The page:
Covid-19 News (page 2)

September 22, 2020

In the Media: Katherine GeeBah Footracer ’92 Featured in Health Magazine for COVID-19 Work with the Navajo Nation

Katherine GeeBah Footracer ’92, a certified physician’s assistant, was featured in Health magazine for her work with Navajo COVID-19 patients in Kayenta, part of the Navajo Nation. Footracer, who is also Navajo, left Los Angeles in March to volunteer with the Indian Health Service.

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September 9, 2020

Clare Cannon ’08 Explores the Pandemic’s Effect on Psychological Health

Clare Cannon ’08, assistant professor of community and regional development at the University of California, Davis, is studying the pandemic’s effects on psychological health, stress, and resilience. Cannon hopes to use her research, which focuses on the pandemic’s exacerbation of social and environmental inequality, as well as intimate partner violence, to determine how people can receive better support during the coronavirus crisis.

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August 18, 2020

Lillian Hahn ’21 Feeds Health Care Workers’ Bodies and Spirits

Amid the confusion and misinformation that defines so much of the public’s understanding of COVID-19, one thing that there seems to be unilateral agreement upon is the adverse mental health effects of the pandemic on frontline health care workers. Lillian Hahn ’21, a science management major on the public health track, identified a cohort among health care workers who may be even harder hit: those who work the night shift.

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July 28, 2020

Stephanie Du ’21’s Homespun Efforts for Community Health

When Stephanie Du ’21’s grandfather was diagnosed with a heart condition, the necessity to protect those most vulnerable to COVID-19 became all the more poignant. “I am currently living with my grandparents, who are both immunocompromised. As someone who is very close to their grandparents, I just wanted to do something that will help protect more vulnerable populations,” she says.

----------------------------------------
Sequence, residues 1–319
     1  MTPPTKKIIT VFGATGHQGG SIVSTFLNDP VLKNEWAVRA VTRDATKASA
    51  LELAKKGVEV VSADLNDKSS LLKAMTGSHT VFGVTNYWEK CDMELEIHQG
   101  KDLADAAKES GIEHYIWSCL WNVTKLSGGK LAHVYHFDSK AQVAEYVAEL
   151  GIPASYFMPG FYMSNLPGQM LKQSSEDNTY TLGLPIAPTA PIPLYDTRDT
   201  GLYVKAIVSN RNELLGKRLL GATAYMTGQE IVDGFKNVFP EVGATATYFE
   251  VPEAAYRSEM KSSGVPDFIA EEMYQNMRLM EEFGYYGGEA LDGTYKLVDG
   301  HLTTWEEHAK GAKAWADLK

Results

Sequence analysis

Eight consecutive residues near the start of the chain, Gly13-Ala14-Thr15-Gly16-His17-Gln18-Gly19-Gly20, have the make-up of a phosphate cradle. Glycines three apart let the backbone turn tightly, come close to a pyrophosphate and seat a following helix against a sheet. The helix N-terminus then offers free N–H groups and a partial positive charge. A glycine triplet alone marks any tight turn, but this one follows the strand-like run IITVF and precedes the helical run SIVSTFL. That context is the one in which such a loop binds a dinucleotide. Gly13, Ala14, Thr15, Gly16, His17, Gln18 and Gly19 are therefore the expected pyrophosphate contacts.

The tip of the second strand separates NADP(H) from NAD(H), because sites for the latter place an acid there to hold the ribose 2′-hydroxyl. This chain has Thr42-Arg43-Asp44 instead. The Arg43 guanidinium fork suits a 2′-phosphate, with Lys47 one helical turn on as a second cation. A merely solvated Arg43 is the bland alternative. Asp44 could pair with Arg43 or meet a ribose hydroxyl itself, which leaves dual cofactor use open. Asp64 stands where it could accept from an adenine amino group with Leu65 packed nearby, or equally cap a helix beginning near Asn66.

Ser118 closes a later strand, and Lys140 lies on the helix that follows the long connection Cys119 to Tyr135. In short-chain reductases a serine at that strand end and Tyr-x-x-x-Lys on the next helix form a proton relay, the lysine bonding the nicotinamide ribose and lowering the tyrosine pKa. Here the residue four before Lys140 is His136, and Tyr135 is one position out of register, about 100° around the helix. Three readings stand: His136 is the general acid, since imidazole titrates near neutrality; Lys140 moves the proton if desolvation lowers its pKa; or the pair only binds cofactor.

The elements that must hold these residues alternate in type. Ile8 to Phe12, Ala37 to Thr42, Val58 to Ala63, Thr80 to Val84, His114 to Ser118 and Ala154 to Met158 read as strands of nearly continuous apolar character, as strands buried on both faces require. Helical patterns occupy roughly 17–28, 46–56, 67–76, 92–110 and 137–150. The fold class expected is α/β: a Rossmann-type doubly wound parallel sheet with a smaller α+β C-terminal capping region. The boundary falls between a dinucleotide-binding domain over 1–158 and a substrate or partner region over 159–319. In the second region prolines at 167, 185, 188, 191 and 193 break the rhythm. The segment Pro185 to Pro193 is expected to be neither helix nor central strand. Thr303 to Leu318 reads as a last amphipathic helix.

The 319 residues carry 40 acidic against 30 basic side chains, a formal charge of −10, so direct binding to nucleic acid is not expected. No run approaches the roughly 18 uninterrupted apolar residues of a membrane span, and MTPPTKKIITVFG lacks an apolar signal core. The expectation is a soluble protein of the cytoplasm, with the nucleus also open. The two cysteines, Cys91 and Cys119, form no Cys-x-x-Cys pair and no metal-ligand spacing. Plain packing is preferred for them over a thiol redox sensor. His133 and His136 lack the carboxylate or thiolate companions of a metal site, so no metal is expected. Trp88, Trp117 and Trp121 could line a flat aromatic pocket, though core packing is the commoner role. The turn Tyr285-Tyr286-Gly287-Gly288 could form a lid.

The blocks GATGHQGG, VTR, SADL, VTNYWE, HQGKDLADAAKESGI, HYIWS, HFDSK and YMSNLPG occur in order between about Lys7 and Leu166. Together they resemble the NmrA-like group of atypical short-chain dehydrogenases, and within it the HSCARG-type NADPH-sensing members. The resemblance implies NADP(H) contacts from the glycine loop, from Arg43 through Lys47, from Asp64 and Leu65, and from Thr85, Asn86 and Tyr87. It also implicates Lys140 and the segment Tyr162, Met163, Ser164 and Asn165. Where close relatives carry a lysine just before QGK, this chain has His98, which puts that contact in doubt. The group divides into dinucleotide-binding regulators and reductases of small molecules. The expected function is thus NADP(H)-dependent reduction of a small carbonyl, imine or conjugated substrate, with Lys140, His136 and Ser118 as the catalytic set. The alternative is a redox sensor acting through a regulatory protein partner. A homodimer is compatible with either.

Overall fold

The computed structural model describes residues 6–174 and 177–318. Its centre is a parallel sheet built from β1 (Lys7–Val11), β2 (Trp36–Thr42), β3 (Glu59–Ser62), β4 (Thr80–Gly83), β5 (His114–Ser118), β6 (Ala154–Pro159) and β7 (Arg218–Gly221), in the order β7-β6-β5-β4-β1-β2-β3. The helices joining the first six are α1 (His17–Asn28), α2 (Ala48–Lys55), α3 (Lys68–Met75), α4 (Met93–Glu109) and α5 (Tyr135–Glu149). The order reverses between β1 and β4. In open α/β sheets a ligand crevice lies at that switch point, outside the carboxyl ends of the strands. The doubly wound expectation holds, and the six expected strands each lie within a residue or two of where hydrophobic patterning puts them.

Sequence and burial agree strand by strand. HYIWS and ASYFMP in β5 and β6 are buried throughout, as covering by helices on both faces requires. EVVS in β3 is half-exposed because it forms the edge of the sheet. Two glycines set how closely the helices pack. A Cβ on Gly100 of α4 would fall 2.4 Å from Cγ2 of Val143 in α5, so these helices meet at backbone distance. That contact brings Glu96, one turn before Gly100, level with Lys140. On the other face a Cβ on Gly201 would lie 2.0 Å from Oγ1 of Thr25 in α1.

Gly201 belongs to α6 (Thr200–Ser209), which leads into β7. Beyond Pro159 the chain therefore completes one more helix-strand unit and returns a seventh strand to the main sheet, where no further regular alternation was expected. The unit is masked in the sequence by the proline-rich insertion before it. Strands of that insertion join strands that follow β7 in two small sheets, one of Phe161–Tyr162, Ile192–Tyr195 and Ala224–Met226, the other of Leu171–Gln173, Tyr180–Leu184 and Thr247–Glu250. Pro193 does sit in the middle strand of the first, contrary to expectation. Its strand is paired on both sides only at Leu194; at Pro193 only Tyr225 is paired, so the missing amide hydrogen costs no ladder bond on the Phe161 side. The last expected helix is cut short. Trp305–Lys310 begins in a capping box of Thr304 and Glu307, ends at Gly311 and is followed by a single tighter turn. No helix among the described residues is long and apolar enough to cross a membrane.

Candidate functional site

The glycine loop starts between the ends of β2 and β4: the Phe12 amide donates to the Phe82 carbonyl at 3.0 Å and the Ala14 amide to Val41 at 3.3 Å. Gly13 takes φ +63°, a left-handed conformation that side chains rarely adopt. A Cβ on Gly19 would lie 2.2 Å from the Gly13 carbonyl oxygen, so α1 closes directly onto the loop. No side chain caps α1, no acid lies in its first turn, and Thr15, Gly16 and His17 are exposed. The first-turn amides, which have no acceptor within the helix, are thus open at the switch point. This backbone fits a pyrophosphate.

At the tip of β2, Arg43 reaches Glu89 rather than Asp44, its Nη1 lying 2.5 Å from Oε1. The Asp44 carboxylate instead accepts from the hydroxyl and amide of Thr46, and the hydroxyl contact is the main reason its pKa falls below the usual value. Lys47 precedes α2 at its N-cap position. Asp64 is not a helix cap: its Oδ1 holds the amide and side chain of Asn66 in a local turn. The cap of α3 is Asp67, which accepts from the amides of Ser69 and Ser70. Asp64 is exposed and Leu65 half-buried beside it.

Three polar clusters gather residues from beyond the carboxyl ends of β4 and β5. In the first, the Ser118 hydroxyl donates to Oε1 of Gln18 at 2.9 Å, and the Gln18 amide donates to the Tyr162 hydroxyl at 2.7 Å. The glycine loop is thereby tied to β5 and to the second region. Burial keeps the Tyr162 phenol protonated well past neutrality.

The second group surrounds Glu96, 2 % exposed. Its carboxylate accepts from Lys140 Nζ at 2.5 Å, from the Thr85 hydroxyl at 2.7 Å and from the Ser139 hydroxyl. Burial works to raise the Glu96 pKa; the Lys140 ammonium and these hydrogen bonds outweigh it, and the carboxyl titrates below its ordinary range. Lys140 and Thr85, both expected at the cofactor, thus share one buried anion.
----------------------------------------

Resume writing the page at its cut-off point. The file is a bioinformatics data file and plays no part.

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July 20, 2020

In the Media: Olivia Truesdale ’21 Uses Community Action Grant to Support Local Seed Library, ABC6 News Reports

ABC6 News reported that Olivia Truesdale ’21 is working with the Rochester Public Library in Rochester, Minnesota, to promote a community seed library and a virtual event series focused on gardening. Truesdale received $1,000 in funding from the Laspa Center for Leadership’s 2020 Community Action Grant, which supports projects that help students’ hometown communities cope with the impact of COVID-19.

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July 14, 2020

In the Media: In Washington Post Op-Ed, Lara Tiedens Cites Data and Community Values as Reasons for Remote Instruction

In a Washington Post op-ed, President Lara Tiedens explained that Scripps’ decision to move to remote-only learning for the fall 2020 semester was based on coronavirus data and the College’s community values. “We are choosing to make data- and values-based decisions informed by the critical public health situation in Los Angeles and the country, and to prioritize the health of our faculty, staff, students, and the broader community that surrounds us,” she said.

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In the Media: Lara Tiedens Discusses Online Instruction and Tuition with the Chronicle of Higher Education

President Lara Tiedens discussed the factors around online-only instruction decisions for the fall 2020 semester, including the cost of tuition. She said that, although the College will only offer remote instruction this fall, Scripps students will continue to enjoy small class sizes and receive individual attention from professors.

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July 13, 2020

In the Media: Lara Tiedens Explains Scripps’ Online-Only Fall Semester Decision to Inside Higher Ed

In Inside Higher Ed, President Lara Tiedens explained the rationale behind Scripps’ recent decision to move ahead with online-only instruction for the fall 2020 semester. The decision was announced as the number of COVID-19 cases in Los Angeles County continued to rise sharply.

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July 2, 2020

Laine Goudy ’18 Explores CRISPR Technology to Tackle the Coronavirus

We know a few things for sure about SARS-CoV-2, the virus that causes COVID-19: It had likely been hiding in animals for decades prior to the current human pandemic, the course of the disease and the prognosis vary widely among individuals, and it’s incredibly difficult to destroy.

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June 30, 2020

Jeannette Hunker ’23 Keeps the Music Alive with Driveway Concert Series

Social distancing and shelter-at-home guidelines have affected every facet of life, from the shift to work-at-home to telemedicine doctor visits. But it’s in our communal rituals and celebrations where many people are feeling the greatest loss. “With the ban of concerts, graduation ceremonies, weddings, and other large social gatherings, most people feel a void in their lives,” says Jeanette Hunker ’23.

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